By now practically everyone knows that the Administration is not implementing the health reform employer mandate until 2015. This alert is to let our friends and clients know what has changed, and what has not changed as a result of the delay in the employer mandate. We will know more when the IRS publishes formal guidance on the delay later this week and will provide a further update then if necessary.
What has Changed As a Result of the Delay in the Employer Mandate
The delay in the employer mandate is welcome relief and provides some breathing room but don’t be lulled into inaction – a number of options and alternatives for dealing with the new federal mandates won't be available after January 1, 2014. The main implications of the delay for employer plans:
- Employers will not incur an employer mandate penalty in 2014 for failing to offer health coverage that meets the “Minimum Essential Coverage” “Minimum Value” and “Affordability” requirements under the Affordable Care Act to all of their “full-time” employees. If you have already entered into a contract with an insurer or third party claims administrator for coverage in 2014, you may want to see whether you can modify that contract based on the changed circumstances.
- Employers will have more time (in most cases until the start of their open enrollment period in 2014) to designate their Initial Measurement Period, Standard Measurement Period and Stability Periods for coverage in 2015. However, some employers may be better off designating those periods before the start of their open enrollment period in 2013, depending on how the Administration implements the delay in the employer mandate. Consciously designating these periods is particularly important for employers that have temporary, seasonal, part-time, or variable hour employees to whom they do not offer coverage.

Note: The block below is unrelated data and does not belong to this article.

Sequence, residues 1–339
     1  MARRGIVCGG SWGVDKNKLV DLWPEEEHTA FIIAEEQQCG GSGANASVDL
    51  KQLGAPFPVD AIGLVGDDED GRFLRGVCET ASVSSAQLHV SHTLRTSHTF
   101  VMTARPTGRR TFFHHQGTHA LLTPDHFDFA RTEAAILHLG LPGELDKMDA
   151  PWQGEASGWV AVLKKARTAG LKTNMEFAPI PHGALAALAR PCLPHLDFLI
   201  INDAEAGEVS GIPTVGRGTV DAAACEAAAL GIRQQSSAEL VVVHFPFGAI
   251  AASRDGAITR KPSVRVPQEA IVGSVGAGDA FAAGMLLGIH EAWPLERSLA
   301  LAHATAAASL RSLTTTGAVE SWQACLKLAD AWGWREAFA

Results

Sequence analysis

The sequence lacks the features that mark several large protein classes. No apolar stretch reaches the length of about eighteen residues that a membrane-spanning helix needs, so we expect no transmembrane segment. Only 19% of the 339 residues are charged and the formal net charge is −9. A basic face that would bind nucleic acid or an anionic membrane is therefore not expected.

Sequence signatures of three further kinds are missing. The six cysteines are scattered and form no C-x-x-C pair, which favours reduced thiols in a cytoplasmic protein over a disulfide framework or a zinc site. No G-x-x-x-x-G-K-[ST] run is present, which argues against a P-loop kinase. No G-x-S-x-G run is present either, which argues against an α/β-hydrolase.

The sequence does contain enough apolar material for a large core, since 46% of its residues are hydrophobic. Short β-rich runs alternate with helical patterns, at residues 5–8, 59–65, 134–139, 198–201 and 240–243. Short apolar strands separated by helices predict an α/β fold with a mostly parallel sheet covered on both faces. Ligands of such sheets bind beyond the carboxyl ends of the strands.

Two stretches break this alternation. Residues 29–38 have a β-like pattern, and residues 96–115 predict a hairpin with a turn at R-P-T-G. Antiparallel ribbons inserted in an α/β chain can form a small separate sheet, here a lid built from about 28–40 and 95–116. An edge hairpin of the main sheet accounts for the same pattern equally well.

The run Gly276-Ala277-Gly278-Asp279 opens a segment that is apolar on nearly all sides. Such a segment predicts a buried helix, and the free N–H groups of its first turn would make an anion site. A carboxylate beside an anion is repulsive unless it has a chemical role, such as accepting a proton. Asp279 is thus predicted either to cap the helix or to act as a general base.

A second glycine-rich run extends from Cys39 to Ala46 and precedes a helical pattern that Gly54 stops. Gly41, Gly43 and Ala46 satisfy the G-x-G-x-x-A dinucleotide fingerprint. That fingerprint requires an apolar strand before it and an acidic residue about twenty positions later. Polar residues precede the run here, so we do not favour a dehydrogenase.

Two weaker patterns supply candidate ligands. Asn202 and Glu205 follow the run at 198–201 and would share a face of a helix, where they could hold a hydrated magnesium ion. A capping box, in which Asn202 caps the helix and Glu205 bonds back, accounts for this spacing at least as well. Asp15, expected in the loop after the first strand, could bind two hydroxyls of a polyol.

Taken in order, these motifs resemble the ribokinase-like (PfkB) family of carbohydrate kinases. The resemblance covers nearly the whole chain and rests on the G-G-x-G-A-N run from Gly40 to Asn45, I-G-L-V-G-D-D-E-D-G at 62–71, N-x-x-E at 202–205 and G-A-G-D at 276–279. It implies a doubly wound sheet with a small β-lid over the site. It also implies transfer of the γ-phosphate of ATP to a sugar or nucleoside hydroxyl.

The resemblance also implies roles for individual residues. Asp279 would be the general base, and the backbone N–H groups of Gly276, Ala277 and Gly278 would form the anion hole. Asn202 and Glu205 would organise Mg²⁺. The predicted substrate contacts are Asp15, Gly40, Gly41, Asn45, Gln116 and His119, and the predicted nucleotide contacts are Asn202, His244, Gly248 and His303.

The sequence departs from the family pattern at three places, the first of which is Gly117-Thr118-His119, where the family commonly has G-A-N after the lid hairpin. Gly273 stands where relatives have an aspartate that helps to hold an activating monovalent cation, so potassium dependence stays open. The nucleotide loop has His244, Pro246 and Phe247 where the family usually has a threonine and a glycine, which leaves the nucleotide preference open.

- Employers will not need to file Forms 6055 (reporting full-time employee coverage) and 6056 (reporting minimum essential coverage offered to individuals) for 2014, but will need to do so for coverage provided in 2015. The IRS has not released these forms yet or the procedures for filing them.
What has Not Changed
A number of compliance issues affecting employer health plans are not affected by the delay in the employer mandate, including:
- Employers still need to enhance the coverage they offer in 2014 to comply with the enhanced substantive coverage requirements of the Affordable Care Act (such as elimination of preexisting conditions, elimination of annual limits, cost sharing and deductible limits).
- Employers still need to distribute the Notice of Availability of Coverage Through the Health Insurance Exchange by October 1, 2013.
- Self-funded plans still need to pay the PCOR fees, beginning in July 2013.
- The third party administrator (of self-insured plans) and the insurer (for fully insured plans) still need to pay the transitional reinsurance payments at the end of 2013.
- Employers still need to review and update their Business Associate Agreements, HIPAA Privacy and Security policies, Notice of Privacy Practices, and HIPAA Breach Notification procedures by September 2013 to ensure compliance with the updated HIPAA regulations for HITECH and GINA.
- Employers that issued at least 250 W-2s in 2012 are still required to report the value of employer-provided health insurance coverage on W-2s issued for 2013.
- The final wellness plan rules are still going into effect as of 2014.